And analogies really do help to make the strange seem familiar. Ladybird larvae lack the powerful tail and the long head of alligators. But like the alligator, ladybird larvae do have a long body and small legs. When all is said and done, ladybird larvae do look a bit more like alligators that like their parents, the shiny, round ladybird beetles.

The joy of farming October 21st, 2018 by

Yesterday in Mandera village in Tanzania, we were lucky to meet an inspiring young farmer.  32-year old Sadiki Mchama is an entrepreneur with passion and vision who left his office job to become a farmer. Across Africa, well-organised farms that produce for markets are often set up by older government officials who invest their savings into farming to provide a steady income after they retire. But Sadiki was clearly a different case, which triggered my curiosity.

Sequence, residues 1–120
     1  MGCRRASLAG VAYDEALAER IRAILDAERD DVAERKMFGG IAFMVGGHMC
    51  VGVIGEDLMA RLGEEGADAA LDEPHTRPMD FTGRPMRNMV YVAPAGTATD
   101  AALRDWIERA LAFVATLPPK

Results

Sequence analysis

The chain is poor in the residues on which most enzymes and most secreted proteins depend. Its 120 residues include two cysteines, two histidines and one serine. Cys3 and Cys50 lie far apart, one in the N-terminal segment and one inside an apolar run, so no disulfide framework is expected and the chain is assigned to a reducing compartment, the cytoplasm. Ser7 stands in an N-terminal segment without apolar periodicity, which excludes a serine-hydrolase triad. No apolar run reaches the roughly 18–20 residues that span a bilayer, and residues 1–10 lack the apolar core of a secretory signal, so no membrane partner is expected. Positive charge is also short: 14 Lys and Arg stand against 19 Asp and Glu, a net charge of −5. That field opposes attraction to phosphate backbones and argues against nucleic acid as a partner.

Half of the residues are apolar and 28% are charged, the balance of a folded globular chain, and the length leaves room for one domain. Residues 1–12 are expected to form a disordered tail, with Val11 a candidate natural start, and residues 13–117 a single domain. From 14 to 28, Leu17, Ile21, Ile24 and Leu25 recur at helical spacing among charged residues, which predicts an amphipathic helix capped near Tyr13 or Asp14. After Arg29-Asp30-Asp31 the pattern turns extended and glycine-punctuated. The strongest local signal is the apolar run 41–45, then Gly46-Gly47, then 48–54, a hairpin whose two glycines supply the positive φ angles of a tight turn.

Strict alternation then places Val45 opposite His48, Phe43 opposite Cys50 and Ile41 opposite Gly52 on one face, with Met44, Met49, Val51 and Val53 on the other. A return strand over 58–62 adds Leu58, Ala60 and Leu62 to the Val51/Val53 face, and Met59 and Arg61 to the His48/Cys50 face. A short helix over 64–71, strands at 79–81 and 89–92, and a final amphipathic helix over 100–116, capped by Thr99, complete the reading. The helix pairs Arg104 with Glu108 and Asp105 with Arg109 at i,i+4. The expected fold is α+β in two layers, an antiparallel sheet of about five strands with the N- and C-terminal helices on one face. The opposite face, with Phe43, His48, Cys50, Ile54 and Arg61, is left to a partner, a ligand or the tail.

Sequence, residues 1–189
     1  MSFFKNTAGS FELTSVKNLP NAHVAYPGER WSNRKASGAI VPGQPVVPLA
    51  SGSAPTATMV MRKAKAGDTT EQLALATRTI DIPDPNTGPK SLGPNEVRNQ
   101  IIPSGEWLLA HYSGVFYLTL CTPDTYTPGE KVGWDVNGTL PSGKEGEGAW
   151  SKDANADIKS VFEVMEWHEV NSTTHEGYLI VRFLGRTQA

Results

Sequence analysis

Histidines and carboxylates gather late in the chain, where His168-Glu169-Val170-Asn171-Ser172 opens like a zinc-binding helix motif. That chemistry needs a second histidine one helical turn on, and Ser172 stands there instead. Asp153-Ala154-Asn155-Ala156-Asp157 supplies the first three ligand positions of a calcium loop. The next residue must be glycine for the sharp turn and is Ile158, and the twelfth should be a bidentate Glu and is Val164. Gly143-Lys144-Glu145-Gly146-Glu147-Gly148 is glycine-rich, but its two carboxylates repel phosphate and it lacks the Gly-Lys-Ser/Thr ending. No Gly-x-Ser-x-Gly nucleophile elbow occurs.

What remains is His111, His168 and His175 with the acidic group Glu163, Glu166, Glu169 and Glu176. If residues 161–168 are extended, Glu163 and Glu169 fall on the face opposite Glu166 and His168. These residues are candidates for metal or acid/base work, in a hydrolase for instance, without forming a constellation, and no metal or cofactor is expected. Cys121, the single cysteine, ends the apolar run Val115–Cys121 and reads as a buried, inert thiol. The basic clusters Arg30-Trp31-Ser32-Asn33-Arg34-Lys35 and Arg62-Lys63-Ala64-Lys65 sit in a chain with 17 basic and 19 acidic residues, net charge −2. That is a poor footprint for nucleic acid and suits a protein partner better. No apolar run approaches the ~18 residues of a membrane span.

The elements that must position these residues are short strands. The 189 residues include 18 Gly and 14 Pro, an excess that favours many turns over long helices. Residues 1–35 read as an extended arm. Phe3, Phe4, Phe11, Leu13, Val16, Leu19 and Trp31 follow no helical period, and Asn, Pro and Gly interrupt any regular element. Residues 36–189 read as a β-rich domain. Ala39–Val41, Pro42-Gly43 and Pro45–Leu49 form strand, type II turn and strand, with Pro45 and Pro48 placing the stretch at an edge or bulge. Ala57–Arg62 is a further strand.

Until 3 years ago Sadiki worked as an accountant at the Water Supply and Sanitation Authority of the Wami River Basin. Once he had saved enough money, he decided to start his own farm.

When asked what attracted him to go into agriculture, he replied happily: “You can enjoy everything in agriculture. Everything I do are my own ideas.”

Sadiki started growing cassava on his 10 acres (4 hectares) of land. But some of the planting material he got from the open market was infested with disease, such as the cassava mosaic virus and the cassava brown streak disease. As he uproots some of the infested plants it does not take long to realise that infested plants yield no tubers.

Eager to find a solution, Sadiki turned to the extension officer who introduced him to a project that tried to set up a cassava seed system, involving community seed producers. Sadiki successfully took the course, bought certified cassava seed and planted it far from other fields, so the disease would not spread to his new crop.